Undertale is the Perfect Example of Indie Game Excellence
Look-wise, the game has an old-school feel similar to Super Mario Bros and Legend of Zelda.
By Natalie Hays, Texas State University
In the multibillion-dollar gaming industry, a stunningly beautiful game is always a hard hitter in the market.
Typically, a game made by an AAA franchise has production quality so high that characters have visible pores and landscapes looks like Ansel Adams prints. Despite the occasional glitch or hiccup, the games are gorgeous.
AAA games are made by well-known companies and are advertised months before their release. They’re the titles you recognize and the names you know well. Microsoft releases a new Halo every few years; EA backs the Battlefront series alongside Mass Effect and Dragon Age, and Bethesda has powerhouses in Elder Scrolls and Fallout.
These big budget games tend to be the top sellers each year when it comes to units sold, but what about the games that aren’t made by big companies?
Enter the indie game scene.
Indie game developers aren’t as big as their AAA counterparts; in fact, sometimes it’s just a one-person project. Most developers are composed of a small team that’s worked together to make a game, but the people involved can be anything from a group of friends to a squad of strangers brought together by a good game concept.
Since they don’t get big name producers to help fund their games, indie games go another route to bankroll their ideas.
Every day, video games are being pitched to people through avenues like Steam Greenlight, Kickstarter and Gofundme in the hope that someday their creations will reach the video game market.
Due to the lack of funding, many don’t make it. Those that due make it are often way behind deadline. Fortunately, it’s no skin off the investors’ backs because they don’t have to pay a dime if the game doesn’t meet its financial goal.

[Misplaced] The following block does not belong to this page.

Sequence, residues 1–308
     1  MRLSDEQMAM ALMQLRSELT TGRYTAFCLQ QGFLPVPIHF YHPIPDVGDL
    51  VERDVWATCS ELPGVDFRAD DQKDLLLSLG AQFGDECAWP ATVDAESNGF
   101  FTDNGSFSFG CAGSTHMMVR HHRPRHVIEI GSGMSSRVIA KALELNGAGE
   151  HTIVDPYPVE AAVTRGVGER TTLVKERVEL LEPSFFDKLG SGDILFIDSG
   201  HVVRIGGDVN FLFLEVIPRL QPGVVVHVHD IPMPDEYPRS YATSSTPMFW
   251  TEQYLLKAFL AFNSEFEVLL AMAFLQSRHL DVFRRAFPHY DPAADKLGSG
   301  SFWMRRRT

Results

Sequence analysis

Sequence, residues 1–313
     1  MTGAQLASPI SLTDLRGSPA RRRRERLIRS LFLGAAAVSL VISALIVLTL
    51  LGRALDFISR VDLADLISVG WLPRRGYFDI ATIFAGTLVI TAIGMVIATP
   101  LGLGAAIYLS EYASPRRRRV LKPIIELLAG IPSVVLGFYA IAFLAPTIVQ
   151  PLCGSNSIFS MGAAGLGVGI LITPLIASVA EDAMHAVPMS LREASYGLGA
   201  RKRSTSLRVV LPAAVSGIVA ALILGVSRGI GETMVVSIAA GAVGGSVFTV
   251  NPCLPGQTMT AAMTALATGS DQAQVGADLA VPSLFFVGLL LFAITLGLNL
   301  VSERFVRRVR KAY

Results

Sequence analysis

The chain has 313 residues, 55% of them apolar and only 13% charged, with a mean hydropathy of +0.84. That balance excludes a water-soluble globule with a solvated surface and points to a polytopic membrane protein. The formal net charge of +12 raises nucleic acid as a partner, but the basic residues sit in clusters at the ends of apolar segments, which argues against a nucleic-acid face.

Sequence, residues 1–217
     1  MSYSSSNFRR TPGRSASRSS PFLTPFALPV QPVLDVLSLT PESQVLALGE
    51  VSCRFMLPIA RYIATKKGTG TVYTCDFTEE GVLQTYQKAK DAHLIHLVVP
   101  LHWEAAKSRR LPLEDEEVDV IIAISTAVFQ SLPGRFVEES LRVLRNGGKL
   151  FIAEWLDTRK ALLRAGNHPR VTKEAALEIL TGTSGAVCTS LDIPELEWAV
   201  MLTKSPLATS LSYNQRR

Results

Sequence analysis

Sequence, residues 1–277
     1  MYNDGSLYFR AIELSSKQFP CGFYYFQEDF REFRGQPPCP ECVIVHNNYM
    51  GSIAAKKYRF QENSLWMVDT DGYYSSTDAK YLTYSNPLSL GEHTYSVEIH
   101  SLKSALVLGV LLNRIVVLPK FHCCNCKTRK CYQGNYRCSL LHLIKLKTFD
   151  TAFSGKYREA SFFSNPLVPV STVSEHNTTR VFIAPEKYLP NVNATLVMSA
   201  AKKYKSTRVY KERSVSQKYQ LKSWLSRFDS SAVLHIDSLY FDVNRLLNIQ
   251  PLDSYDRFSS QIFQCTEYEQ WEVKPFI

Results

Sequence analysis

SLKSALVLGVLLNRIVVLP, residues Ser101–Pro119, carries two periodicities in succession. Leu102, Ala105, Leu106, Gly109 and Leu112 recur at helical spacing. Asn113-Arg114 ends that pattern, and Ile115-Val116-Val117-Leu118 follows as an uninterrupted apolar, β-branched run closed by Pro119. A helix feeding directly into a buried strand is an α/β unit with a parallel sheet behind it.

Still, while backing a project is a show of faith in its developers, many game companies keep getting their release dates pushed back because of money issues. The result is that investors and casual gamers end up waiting a long time for games, all the while hoping that the wait will be worth it.
But what do indie games even look like?
Funded over ten times over its original goal, Undertale became available to play on September 15, 2015, through the digital distribution platform Steam. The project launched on June 24, 2013, and had an estimated release date of August 2014. What’d I say? Delays happen.
But at ten dollars for a digital download upon its release, waiting wasn’t too bad. Toby Fox posted updates on his Kickstarter campaign throughout production, so backers were kept up to date. This kind of communication between producer and investors is just one example of the personal connection that indie games foster that conventional games lack.
So how does Undertale measure up?
Okay, sure, it’s not a hyper-realistic open-world game where you can see a bead of sweat drip down the forehead of the protagonist, but that’s not to say that it isn’t beautiful in its own right.